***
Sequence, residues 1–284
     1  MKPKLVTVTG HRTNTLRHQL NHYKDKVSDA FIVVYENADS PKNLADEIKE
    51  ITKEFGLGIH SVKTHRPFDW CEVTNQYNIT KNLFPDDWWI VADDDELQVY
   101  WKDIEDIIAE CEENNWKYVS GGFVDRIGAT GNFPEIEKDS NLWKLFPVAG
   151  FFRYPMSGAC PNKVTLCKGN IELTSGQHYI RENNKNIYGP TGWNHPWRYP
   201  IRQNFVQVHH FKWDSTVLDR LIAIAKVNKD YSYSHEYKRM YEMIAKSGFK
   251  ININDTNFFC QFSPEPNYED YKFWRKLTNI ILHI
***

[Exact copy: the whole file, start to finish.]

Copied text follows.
Sequence, residues 1–284
     1  MKPKLVTVTG HRTNTLRHQL NHYKDKVSDA FIVVYENADS PKNLADEIKE
    51  ITKEFGLGIH SVKTHRPFDW CEVTNQYNIT KNLFPDDWWI VADDDELQVY
   101  WKDIEDIIAE CEENNWKYVS GGFVDRIGAT GNFPEIEKDS NLWKLFPVAG
   151  FFRYPMSGAC PNKVTLCKGN IELTSGQHYI RENNKNIYGP TGWNHPWRYP
   201  IRQNFVQVHH FKWDSTVLDR LIAIAKVNKD YSYSHEYKRM YEMIAKSGFK
   251  ININDTNFFC QFSPEPNYED YKFWRKLTNI ILHI